A Proper Bike

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When my friend suggested that we might do a few bike rides in China my response was simple.  “Don’t be silly.” 

Me and bikes have never got on - maybe it was the fact that I never had a bike as a kid (sniff sniff).  Maybe it was the fact that I managed to fall off my ex-boyfriend’s bike three times in one night - and only twice after I’d got drunk. 

Anyway I finally gave in and decided to try and learn to ride a bike properly for China.   When in Rome...

I didn’t realise how much fun it would be.  First in Wimbledon and then in China, and how I would fall in love with the freedom of cycling.  Being able to toddle off without worrying about petrol, being able to park it anywhere, being able to throw it on the back of a bamboo raft... (Not so much in Wimbledon.)

But then I gave my friend her bike back, and my car went to the scrap heap... it was time.

Much like bikinis, my resolve to go for it as far as a bike was concerned was actually hampered by trying to buy one!  I found myself saying over and over again - “I don’t know anything about bikes”, “that’s a lot of money” and, worst of all, there seemed to be two choices of ladies bikes; ugly or purple with butterflies (come on, it’s not a hair grip!)  I’m actually situated in one of the best areas for bike shops - my local Evans Cycles is apparently the biggest bike shop in the UK, but, no matter how nice the shop assistants were, I always left with the same feeling; depressed that I was a bit out of my depth and not very excited about spending any money on the bikes I’d seen - let alone lots of money!

The problem with buying an expensive bike is that then you have to buy an expensive lock, put some lights on it, maybe some mudguards, a few other bits and bobs and you can easily add another £100 to the original cost of the bike.

So I looked online - at Halfords, Evans, JJB Sports even, and they do offer cheaper bikes, and will even put them together for you so you can pick them up in store, but the only one I liked the look of; the Reebok Freedom - was sold out.  (Probably because it’s the only decent looking ladies bike online!)  And thanks, by the way, to Halfords for keeping it live so I could do all the comparisons and discuss with my friend before finding it was sold out!

Anyway after trundling around Evans (where they told me that the cheaper bikes they do are probably not worth it anyway - harumph!) one of their assistants asked me a very sensible question: “Do you actually like bikes?”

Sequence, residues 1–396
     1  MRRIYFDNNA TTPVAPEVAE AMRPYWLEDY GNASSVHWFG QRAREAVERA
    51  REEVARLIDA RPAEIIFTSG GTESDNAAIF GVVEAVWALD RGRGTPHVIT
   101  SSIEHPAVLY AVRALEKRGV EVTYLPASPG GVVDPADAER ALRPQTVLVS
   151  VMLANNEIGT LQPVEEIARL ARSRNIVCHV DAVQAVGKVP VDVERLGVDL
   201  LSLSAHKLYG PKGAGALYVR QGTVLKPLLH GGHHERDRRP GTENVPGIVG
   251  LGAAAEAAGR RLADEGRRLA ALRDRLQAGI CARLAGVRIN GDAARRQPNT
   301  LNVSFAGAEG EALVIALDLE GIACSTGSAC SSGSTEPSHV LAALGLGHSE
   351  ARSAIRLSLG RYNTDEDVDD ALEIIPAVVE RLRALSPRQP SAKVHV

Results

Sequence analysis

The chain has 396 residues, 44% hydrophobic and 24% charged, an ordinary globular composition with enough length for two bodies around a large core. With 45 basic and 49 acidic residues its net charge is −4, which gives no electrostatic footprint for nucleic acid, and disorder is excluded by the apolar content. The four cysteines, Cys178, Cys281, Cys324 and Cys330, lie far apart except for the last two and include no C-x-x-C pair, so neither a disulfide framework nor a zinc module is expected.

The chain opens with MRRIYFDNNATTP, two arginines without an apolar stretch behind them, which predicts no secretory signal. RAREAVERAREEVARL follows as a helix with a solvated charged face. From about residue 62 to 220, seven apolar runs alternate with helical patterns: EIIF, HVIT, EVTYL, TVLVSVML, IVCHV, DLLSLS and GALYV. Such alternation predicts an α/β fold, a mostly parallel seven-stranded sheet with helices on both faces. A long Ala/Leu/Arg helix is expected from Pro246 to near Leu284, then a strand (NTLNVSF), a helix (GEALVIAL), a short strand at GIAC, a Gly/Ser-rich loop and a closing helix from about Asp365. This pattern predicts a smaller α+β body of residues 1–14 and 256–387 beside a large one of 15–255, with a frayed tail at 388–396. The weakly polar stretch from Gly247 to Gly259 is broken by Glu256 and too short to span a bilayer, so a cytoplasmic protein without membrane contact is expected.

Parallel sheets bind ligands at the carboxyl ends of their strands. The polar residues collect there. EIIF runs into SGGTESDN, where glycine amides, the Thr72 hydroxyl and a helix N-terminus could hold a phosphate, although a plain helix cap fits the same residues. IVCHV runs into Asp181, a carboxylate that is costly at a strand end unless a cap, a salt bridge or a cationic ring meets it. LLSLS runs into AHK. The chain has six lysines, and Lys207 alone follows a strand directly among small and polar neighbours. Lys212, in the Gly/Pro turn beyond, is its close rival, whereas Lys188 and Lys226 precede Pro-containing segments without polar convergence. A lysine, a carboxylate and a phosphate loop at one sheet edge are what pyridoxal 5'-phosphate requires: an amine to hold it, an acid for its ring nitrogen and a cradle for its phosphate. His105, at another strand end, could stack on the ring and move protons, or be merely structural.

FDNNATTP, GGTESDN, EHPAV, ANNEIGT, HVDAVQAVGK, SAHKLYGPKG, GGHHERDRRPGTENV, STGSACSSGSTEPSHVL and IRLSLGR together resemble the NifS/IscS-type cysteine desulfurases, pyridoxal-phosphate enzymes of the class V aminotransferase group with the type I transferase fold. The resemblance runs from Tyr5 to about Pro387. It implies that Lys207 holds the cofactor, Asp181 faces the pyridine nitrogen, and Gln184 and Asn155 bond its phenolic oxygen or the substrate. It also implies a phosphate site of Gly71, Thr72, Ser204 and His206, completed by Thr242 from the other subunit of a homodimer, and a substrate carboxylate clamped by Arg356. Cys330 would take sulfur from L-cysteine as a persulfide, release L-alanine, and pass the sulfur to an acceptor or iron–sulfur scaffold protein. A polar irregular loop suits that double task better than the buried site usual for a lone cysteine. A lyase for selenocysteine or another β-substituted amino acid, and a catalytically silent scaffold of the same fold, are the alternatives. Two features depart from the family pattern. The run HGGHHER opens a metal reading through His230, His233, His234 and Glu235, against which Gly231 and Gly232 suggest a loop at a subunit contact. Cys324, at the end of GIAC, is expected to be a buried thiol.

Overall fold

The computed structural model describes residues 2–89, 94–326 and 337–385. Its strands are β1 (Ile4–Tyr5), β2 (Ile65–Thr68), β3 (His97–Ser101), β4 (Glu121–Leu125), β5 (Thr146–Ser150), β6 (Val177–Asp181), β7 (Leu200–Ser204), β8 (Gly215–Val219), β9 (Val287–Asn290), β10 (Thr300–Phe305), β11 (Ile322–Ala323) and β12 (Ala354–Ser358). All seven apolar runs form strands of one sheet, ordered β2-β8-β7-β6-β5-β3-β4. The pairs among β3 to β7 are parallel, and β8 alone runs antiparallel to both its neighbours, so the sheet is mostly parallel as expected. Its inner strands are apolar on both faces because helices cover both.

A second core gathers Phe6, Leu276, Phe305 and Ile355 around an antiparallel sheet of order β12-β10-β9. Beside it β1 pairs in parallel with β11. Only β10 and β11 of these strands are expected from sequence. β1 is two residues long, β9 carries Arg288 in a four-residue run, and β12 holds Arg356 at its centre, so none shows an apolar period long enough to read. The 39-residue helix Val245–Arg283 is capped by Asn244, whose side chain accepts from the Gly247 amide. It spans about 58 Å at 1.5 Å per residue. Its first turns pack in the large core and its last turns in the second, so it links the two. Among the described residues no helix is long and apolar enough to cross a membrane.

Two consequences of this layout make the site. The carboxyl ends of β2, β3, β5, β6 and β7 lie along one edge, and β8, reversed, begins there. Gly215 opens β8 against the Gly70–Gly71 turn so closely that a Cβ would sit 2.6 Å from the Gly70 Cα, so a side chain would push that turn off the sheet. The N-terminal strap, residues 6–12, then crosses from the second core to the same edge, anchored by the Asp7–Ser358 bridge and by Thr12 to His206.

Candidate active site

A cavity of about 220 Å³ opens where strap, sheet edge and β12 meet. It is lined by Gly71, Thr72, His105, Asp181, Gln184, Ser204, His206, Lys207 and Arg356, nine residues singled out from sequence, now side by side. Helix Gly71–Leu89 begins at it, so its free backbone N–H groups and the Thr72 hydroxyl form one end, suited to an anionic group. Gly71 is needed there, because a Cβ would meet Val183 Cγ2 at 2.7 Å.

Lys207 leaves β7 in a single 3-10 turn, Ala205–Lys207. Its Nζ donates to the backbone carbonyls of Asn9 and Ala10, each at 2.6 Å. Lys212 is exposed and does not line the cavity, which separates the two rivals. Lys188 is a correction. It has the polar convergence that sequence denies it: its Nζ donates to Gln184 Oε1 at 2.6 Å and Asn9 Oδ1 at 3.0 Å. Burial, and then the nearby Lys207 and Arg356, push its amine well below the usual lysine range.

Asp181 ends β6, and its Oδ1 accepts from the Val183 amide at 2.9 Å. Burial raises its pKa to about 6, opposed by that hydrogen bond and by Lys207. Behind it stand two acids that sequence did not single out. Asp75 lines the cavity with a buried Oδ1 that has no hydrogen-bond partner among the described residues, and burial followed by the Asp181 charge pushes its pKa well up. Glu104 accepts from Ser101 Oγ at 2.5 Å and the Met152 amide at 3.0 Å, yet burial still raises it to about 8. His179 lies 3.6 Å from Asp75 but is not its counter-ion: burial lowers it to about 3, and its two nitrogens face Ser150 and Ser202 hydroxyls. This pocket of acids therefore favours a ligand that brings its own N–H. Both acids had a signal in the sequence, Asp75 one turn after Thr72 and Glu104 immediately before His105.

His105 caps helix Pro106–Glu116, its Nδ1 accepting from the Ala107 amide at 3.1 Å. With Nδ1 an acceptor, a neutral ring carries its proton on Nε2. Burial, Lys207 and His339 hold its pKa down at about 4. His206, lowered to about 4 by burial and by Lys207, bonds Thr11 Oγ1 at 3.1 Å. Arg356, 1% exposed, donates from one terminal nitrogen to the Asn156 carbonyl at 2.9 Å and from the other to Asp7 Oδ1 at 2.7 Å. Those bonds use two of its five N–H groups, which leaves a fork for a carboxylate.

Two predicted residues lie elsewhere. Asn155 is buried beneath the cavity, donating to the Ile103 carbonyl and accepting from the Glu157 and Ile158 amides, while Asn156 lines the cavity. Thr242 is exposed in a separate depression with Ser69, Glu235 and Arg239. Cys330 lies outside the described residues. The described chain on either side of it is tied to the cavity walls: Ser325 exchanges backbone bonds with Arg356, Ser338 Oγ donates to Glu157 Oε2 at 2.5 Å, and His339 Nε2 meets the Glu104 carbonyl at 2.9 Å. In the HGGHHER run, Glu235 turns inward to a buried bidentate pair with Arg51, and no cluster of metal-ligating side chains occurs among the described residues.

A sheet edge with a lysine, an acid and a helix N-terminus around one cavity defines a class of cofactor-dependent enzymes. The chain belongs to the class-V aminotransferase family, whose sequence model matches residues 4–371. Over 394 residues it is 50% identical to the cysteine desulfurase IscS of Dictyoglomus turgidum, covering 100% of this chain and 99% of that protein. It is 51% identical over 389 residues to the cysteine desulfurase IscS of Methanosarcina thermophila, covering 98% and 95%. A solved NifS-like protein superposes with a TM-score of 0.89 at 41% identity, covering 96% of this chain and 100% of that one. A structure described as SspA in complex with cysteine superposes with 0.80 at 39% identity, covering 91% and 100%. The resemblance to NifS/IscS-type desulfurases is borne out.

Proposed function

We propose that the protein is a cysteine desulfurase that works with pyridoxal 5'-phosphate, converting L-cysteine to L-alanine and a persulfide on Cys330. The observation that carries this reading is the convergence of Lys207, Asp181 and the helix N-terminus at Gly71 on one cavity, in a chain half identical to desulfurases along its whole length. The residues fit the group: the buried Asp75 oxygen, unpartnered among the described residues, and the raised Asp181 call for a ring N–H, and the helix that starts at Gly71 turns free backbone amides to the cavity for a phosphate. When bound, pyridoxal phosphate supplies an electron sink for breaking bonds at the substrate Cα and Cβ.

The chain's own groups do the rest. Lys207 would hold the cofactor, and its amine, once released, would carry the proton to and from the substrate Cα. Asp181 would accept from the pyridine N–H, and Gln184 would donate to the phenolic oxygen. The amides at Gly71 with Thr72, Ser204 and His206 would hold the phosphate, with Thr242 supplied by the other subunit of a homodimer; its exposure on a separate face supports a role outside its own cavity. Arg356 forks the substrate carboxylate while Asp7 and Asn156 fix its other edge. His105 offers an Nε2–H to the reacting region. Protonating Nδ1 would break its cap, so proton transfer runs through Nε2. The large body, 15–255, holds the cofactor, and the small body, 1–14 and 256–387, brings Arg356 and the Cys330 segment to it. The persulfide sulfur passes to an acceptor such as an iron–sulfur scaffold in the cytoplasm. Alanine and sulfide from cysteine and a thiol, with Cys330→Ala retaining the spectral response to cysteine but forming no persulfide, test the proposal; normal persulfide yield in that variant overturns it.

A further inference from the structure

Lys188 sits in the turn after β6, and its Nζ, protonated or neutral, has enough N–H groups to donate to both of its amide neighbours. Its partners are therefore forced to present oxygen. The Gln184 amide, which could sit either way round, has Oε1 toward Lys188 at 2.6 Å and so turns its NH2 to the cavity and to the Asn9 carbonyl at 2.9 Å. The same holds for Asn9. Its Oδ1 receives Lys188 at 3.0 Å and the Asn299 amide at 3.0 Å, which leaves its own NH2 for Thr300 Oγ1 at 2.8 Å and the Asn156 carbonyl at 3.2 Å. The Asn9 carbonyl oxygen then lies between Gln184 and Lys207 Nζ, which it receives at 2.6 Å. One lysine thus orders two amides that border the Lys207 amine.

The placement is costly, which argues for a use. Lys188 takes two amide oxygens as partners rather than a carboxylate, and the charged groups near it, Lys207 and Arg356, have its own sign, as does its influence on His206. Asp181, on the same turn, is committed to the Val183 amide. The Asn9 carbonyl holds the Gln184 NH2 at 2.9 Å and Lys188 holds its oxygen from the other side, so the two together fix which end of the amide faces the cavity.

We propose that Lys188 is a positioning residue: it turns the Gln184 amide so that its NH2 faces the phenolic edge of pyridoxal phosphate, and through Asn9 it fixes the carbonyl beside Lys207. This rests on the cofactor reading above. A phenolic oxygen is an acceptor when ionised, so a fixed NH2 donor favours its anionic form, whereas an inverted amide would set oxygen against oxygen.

I was starting to worry that I didn’t.  Until I used the very handy website on the right here to check out all the “proper bike shops” in Wimbledon.  So I hit AW Cycles; a small original quirky little shop (not the one you’ll find in Reading!) where I turned down a decent but worn looking £85 second hand bike, and test drove a £250ish purple bike which was okay, but not my cup of tea.

I popped into Tri And Run - this is a triathlon shop - a bit out of my league, but they did point me in the right direction for my next stop...

...Smith Brothers in Wimbledon Village. I didn’t have to say “I don’t know anything about bikes”, and I didn’t have to say much at all...

It was wonderful, like the magic shopkeeper in Mr Ben, or a designer shop assistant who knows just what to pick out for you.  There were gorgeous new bikes, second hand bikes, and the very first one I test drove was so much better than the rest (maybe I just had it in the right gear?!)  Before I went out on any of them he’d look at me, tweak the height of the saddle, the handle bars...  and it was fun!!

In the end I had it down to two - one which was a great ride but only six gears (there’s a lot of hills around here) and another which was lovely but the handlebars made my shoulders a little sore.  He offered to switch the handlebars so I could try it the next day.  And... I bought it.

I let him decide on which locks, lights, gloves I needed - just because I trusted that he would give me the most suitable thing - such a relief after wandering cluelessly through so many shops.

All in, with the mudguards, that carry thing on the back, lights, lock and (rather expensive!) gloves it was about £360... not that cheap perhaps, but a lot cheaper than the £500 I’d have been looking at in Putney Cycles or Action Bikes just to get going.

And it flies.  I can’t tell you how much easier a “made to measure” bike is than riding a rental or someone else’s bike.  Like wearing shoes that have been sized to fit.  I can’t believe how much I love it.

And the best thing is that I feel so confident - not just on the bike, where my confidence grows pedal by pedal - but about buying it.  I know they are there to help me if anything goes wrong.  I still don’t know anything about bikes, but it doesn’t matter - because Smith Brothers know everything!

My first ever bike - and it fits me!


Click here to visit the cycling experts, for lots of information about cycling and the contact details for Smith Brothers on Church Road, Wimbledon Village - my bike shop!

£279 for the bike with reflectors, mudgards and pannier rack

£360 with front and back lights, heavy duty lock and cycling gloves

as at November 2010

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